� The pesticides that farmers use to protect textiles as they grow can harm wildlife, contaminate other products and get into the food we eat.
� The chemicals that are used to bleach and colour textiles can damage the environment and peoples health.
� Old clothes that we throw away take up precious space in landfill sites, which is filling up rapidly.
� Most of the textile machineries cause noise, sound and air pollution.
� Over-usage of natural resources like plants, water, etc depletes or disturbs ecological balance.
� The working conditions in the textile and clothing industry are of sub- standard.
� Exploitation of animals often goes hand in hand with intensive farming practices that damage the environment as a whole.
ENVIRONMENTAL EFFECTS OF TEXTILE FIBRES
Natural fibres have their problems, too:
Cotton is the most pesticide intensive crop in the world: these pesticides injure and kill many people every year. It also takes up a large proportion of agricultural land, much of which is needed by local people to grow their own food. Herbicides, and also the chemical defoliants which are sometimes used to aid mechanical cotton harvesting, add to the toll on both the environment and human health. These chemicals typically remain in the fabric after finishing, and are released during the lifetime of the garments. The development of genetically modified cotton adds environmental problems at another level. Growing cotton uses 22.5 percent of all the insecticides used globally? Growing enough cotton for one t-shirt requires 257 gallons of water. On top of that, bleaching and then dyeing the resulting fabric creates toxins that flow into our ecosystem. �
First of all, the cotton must be grown; this entails vast amounts of chemical fertilizers and pesticides that pollute and deplete the soil. Despite mecha�nized harvesting, the cotton industry is still largely dependent on cheap labour. The raw cotton is then dyed, meaning chemicals and heavy metals with harmful effects on the envi�ronment. Finally bands of cotton are assem�bled in factories to be sown into a T-shirt. From wastewater emissions to air pollution and energy consumption, the textile industry weighs heavily on the environment.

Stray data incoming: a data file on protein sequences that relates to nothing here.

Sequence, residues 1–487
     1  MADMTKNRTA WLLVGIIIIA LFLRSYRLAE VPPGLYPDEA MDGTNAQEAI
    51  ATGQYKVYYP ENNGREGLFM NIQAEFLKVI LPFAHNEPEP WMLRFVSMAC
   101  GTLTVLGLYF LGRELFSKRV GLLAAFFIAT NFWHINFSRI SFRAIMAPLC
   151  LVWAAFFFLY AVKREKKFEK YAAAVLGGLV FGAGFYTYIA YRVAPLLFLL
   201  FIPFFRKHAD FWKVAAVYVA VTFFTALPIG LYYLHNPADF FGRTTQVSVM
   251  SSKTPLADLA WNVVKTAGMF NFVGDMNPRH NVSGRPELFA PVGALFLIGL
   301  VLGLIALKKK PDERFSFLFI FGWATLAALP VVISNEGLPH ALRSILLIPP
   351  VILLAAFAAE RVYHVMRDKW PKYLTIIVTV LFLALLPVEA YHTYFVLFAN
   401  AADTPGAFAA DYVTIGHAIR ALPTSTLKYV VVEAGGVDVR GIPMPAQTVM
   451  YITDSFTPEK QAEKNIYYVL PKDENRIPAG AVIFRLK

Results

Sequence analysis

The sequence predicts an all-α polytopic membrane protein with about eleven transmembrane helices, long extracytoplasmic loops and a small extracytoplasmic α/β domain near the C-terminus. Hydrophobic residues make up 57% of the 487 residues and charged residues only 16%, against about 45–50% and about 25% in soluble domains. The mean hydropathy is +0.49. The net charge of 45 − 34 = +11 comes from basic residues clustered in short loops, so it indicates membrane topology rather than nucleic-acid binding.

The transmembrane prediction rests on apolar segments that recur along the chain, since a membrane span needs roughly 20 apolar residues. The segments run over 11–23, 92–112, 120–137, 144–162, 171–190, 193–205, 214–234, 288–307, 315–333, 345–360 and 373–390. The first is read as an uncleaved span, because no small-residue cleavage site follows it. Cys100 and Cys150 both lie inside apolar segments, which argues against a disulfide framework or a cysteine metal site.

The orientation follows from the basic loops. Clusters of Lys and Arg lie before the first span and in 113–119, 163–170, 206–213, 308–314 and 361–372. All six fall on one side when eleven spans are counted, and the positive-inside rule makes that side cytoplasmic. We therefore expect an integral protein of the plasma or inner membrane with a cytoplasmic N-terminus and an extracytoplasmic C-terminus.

Wool pollution: both agricultural and craft workers in the UK suffer from exposure to organophosphate sheep dip problem. Getting from fibre to cloth - bleaching, dyeing, and finishing - uses yet more energy and water, and causes yet more pollution.
Nylon and polyester - made from petrochemicals, these synthetics are also non-biodegradable, and so they are inherently unsustainable on two counts. Nylon manufacture creates nitrous oxide, a greenhouse gas 310 times more potent than carbon dioxide. Making polyester uses large amounts of water for cooling, along with lubricants which can become a source of contamination. Both processes are also very energy-hungry.
Rayon (viscose), another artificial fibre, is made from wood pulp, which on the face of it seems more sustainable. However, old growth forest is often cleared and/or subsistence farmers are displaced to make way for pulpwood plantations. Often the tree planted is eucalyptus, which draws up phenomenal amounts of water, causing problems in sensitive regions. To make rayon, the wood pulp is treated with hazardous chemicals such as caustic soda and sulphuric acid. The use of rayon for clothing is contributing to the rapid depletion of the world's forests. Petroleum-based products are detrimental to the environment on many levels.